The Indiana Family and Social Services Administration (FSSA) is notifying its clients that some of their personal information may have been accidentally disclosed to other clients, according to an announcement. In compliance with federal and state privacy law, FSSA has sent written notices to 187,533 potentially impacted clients.
According to the announcement, the accidental disclosures may have occurred when RCR Technology Corporation (RCR), a contractor for FSSA, made a computer programming error to a document management system the company supports on behalf of FSSA. The programming error was made on April 6, and affected correspondence sent between April 6 and May 21.
FSSA announced that RCR is in the process of ensuring that none of the affected clients' electronic case files contain information about other clients as a result of this error. The company also is taking steps to improve their computer programming and testing processes to prevent similar errors from occurring in the future.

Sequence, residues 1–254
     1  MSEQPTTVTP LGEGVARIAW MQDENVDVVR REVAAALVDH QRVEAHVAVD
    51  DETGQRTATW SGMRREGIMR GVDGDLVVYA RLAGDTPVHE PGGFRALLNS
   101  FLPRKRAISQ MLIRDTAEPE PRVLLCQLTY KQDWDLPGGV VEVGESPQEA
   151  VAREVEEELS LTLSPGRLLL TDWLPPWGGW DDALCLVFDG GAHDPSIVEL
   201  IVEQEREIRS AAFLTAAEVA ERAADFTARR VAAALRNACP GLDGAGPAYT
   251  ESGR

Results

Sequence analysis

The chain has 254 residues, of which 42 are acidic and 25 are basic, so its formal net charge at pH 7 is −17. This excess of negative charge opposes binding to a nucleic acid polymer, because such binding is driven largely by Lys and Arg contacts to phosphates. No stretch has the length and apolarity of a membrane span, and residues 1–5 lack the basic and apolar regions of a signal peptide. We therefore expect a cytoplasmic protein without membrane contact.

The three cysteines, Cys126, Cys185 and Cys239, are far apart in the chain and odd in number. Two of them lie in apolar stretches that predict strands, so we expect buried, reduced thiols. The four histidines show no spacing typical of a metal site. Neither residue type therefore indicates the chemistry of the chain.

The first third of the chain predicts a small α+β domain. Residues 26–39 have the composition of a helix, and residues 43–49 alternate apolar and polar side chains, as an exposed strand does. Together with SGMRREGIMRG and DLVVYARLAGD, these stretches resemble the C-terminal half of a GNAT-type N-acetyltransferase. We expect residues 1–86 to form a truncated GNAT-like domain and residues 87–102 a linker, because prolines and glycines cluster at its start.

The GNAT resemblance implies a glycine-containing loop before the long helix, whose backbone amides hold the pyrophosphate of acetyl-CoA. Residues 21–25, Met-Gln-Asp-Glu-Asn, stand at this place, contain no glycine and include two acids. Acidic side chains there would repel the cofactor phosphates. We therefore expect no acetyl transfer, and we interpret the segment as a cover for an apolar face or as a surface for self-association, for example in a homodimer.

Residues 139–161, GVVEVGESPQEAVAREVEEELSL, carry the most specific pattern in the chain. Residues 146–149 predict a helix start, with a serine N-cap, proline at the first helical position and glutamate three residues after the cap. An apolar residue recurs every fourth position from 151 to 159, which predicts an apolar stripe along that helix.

"This error caused an undetermined number of documents being sent to clients to be duplicated and also inserted with documents sent to other clients," states the annoncement. "This means some of the clients may have received documents belonging to other clients along with their own documents."
The type of information that may have been disclosed includes name, address, case number, date of birth, gender, race, telephone number, email address, types of benefits received, monthly benefit amount, employer information, some financial information such as monthly income and expenses, bank balances and other assets, and certain medical information such as provider name, whether the client receives disability benefits and medical status or condition, and certain information about the client's household members like name, gender and date of birth.
Last year, a South Carolina Department of Health and Human Services employee sent personal data for more than 228,000 Medicaid recipients to his personal, unsecured email account. Information stolen included names, phone numbers, addresses and birth dates, as well as Medicare ID numbers for more than 22,000 people. In this case, Social Security numbers double as the latter.